Early Origins of the Johncook family
The surname Johncook was first found in Carmarthenshire
(Welsh: Sir Gaerfyrddin), located in Southwest Wales
, one of thirteen historic counties and presently one of the principal area in Wales, where they held a family seat
from very ancient times, some say well before the Norman Conquest
and the arrival of Duke William at Hastings in 1066 A.D.
Early History of the Johncook family
This web page shows only a small excerpt of our Johncook research.Another 229 words (16 lines of text) are included under the topic Early Johncook History in all our PDF Extended History products and printed products wherever possible.
Johncook Spelling Variations
There are relatively few surnames native to Wales, but they have an inordinately large number of spelling variations
. Early variations of Welsh
surnames can be explained by the fact that very few people in the early Middle Ages were literate. Priests and the few other literate people were responsible for recording names in official documents. And because most people could not specific how to properly record their names it was up to the individual recorder of that time to determine how a spoken name should be recorded. Variations due to the imprecise or improper recording of a name continued later in history when names originally composed in the Brythonic Celtic
, language of Wales, known by natives as Cymraeg, were transliterated into English. Welsh
names that were documented in English often changed dramatically since the native language of Wales, which was highly inflected, did not copy well. Occasionally, however, spelling variations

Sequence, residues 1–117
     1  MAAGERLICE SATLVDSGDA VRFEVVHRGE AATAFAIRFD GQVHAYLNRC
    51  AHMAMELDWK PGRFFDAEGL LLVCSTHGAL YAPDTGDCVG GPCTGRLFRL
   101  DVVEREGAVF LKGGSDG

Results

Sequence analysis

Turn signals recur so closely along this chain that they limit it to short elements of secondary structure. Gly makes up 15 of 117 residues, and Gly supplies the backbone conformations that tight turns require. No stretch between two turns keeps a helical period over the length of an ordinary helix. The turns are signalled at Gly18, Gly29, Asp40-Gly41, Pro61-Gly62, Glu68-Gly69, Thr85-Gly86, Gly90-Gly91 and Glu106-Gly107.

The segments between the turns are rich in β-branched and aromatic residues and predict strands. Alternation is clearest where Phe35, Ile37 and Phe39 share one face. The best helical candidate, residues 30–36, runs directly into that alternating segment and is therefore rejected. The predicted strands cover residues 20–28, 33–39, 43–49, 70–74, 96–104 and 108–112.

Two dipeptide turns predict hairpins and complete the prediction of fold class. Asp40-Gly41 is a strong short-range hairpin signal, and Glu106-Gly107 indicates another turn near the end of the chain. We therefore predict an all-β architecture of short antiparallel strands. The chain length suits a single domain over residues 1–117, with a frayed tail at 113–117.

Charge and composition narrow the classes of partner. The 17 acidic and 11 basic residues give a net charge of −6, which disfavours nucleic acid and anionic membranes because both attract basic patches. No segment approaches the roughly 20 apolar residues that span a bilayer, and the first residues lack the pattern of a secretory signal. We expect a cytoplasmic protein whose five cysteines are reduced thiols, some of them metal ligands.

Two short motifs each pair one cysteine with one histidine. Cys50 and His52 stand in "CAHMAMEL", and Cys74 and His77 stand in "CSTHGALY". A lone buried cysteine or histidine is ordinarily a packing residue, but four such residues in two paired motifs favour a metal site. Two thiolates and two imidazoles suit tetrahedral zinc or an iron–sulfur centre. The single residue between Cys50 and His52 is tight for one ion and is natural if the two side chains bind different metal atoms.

were carried out according to an individual's specific design: a branch loyalty within the family, a religious adherence, or even patriotic affiliations could be indicated by minor variations. The spelling variations of the name Johncook have included Johnes, Johns, John, Johne and others.
Early Notables of the Johncook family (pre 1700)
More information is included under the topic Early Johncook Notables in all our PDF Extended History products
and printed products wherever possible.
Migration of the Johncook family to the New World and Oceana
North America in the 1800s and 1900s saw the arrival of many Welsh
people hoping to share in the wealth of land, work, and freedom that they felt North America held. Those who made the journey often attained those expectations, but only through an enormous amount of hard work, perseverance, and often a bout of good luck. These immigrants helped contribute to the growth of industry, commerce, and culture of both Canada and the United States. Discovered in the immigration and passenger lists were a number of people bearing the name Johncook: Phillip and Mary Johns settled in Virginia in 1645; William Johns settled in New England
in 1634 with his wife.
The Johncook Motto
The motto was originally a war cry or slogan. Mottoes first began to be shown with arms in the 14th and 15th centuries, but were not in general use until the 17th century. Thus the oldest coats of arms generally do not include a motto. Mottoes seldom form part of the grant of arms: Under most heraldic authorities, a motto is an optional component of the coat of arms, and can be added to or changed at will; many families have chosen not to display a motto.
Motto: Deus pascit corvos
Motto Translation: God feeds the ravens.